“I was now meeting her out of a mental hospital, and she was in her twenties. [After neurofeedback training] she comes in and tells me this story. She was always the last one chosen for any sports team, as you can imagine, when she was a kid, and now she’s stabilized enough to be dating. She is out with a guy, they are waiting to go to a movie, and they go to a batting cage – she hits 90% of the balls. Therapy could never get somebody from bumping into walls to being able to hit 90% of the balls! Her boyfriend was very impressed…

“Neurofeedback is deeply organizing to the nervous system. This goes deep into the nervous system; neurofeedback is healing deep into the CNS, the central nervous system, and through the brain.

“I had one patient who was given the diagnosis of Borderline Personality Disorder and had been hospitalized multiple times. She very much wanted to do neurofeedback training because she felt like she had gone as far as she could with psychotherapy, and she still wanted to drive off a bridge every day!  We used two different protocols: the eyes-open protocol – it doesn’t matter what the specifics were for her – but she got stabilized in 20 sessions, and then we did the alpha-theta protocol. She did 30 or 40 sessions. All together, she had about 60 sessions, then it was over. She did not meet any criteria for Borderline Personality and she no longer wanted to jump off a bridge.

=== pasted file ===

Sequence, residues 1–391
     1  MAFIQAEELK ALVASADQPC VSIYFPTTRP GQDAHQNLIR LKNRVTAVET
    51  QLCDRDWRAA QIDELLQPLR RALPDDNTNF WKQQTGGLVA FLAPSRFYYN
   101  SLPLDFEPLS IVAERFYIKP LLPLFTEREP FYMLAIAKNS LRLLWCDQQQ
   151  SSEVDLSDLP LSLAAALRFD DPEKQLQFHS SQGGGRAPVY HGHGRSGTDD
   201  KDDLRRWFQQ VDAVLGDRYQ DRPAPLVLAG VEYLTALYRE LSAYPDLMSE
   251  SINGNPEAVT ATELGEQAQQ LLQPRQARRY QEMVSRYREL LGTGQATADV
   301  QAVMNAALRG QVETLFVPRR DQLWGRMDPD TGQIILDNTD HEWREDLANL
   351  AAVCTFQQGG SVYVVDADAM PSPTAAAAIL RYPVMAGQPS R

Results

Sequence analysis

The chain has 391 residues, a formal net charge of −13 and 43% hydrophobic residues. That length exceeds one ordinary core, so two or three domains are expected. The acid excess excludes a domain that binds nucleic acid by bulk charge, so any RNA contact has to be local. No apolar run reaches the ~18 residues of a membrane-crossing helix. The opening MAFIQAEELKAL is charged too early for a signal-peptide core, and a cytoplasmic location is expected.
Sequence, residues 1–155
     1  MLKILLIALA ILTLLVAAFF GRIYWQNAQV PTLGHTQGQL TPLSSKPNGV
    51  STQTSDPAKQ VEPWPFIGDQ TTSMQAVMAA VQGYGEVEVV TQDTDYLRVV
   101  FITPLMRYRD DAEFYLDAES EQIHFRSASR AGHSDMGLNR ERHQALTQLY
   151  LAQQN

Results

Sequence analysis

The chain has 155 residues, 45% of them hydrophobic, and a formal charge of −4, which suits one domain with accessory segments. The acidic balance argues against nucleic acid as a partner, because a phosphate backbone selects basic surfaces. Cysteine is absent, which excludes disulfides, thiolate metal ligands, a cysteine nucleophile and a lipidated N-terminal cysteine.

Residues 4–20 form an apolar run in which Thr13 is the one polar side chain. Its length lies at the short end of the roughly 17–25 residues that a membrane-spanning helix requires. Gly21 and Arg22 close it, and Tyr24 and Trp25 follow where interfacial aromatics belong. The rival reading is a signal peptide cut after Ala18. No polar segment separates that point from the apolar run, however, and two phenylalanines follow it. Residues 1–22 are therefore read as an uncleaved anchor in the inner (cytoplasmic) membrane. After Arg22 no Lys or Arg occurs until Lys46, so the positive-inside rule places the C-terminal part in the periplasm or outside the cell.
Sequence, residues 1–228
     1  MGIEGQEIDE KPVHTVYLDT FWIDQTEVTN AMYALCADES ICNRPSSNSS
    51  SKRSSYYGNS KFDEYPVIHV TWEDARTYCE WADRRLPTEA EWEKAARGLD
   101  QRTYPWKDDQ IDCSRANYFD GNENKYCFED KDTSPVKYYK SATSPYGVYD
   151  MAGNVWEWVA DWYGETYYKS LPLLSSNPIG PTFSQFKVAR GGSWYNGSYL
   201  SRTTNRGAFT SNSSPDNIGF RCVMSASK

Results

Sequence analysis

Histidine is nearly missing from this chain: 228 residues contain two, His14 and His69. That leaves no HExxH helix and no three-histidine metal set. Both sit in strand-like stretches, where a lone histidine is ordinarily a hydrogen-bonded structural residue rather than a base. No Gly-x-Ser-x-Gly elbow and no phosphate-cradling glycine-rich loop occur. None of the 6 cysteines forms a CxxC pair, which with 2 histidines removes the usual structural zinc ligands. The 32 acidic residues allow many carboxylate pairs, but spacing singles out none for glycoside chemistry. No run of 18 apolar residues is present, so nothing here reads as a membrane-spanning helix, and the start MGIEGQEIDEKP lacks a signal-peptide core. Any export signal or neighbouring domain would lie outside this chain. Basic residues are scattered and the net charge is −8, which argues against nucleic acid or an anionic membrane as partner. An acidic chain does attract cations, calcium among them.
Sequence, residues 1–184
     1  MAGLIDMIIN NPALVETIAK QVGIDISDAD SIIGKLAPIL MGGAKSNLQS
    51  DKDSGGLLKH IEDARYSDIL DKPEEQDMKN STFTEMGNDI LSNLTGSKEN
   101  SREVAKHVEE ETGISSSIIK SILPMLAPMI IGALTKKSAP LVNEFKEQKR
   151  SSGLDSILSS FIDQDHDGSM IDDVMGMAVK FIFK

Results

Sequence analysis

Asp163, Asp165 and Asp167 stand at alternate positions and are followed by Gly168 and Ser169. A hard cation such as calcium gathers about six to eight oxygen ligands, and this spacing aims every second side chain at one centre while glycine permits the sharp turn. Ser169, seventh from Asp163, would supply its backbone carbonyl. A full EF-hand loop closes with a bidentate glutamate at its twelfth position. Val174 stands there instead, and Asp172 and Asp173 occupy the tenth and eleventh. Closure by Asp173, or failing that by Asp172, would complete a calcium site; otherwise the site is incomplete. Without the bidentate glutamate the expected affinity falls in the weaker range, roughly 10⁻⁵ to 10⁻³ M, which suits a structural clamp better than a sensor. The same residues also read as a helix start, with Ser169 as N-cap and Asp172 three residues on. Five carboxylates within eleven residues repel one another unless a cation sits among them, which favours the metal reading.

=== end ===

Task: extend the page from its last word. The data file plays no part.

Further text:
“She actually got married and had a baby, and went on to advance her career. I saw her once after that ending, and it was when a pet that had been her primary object of attachment, was killed in a freak accident. She came back in and she was very distressed. An additional trauma can also throw the brain back into its known pattern of firing. So we trained about four times, to address the state she was in, and she very quickly reorganized and was off again.

Repair of Attachment with Neurofeedback

(Interviewer Dr. Buczynski): “How do you think of attachment and repairing of attachment in regard to neurofeedback?

Fisher: “Oh, that’s a wonderful question, and it is somewhat amazing that this happens. In my experience, what I have seen is that people always seem to want relational connection.

“Things can get in the way – if you are having something akin to a seizure and you’re constantly living in fear; it is very difficult to imagine relationship as a primary part of your life. But we are social creatures; we are meant to relate to one another. That is our safety; that is our harbor, as my patient said, and when you find a way to quiet the fear-driven brain, what emerges quite spontaneously are the attachment circuits.

“I had one patient who was self-abusing and dissociative when she came into sessions. She had not seen her mother nor talked about her mother – so this wasn’t a result of conversation – but her mother had not behaved ideally. She came in one day [after neurofeedback treatment] and said, “I think you might be interested in this: I called my mother last night.” It was spontaneous, and now we could talk about the reality of her mother’s trauma.

“Now, this had been presented to her multiple times, and it even occurred to her, but the dysregulation and high arousal of her nervous system made it pretty meaningless. I see that happening a lot. I see spontaneous family reunion that I have nothing to do with orchestrating, and often, without even talking about it, I see it happen with people who train their brains.”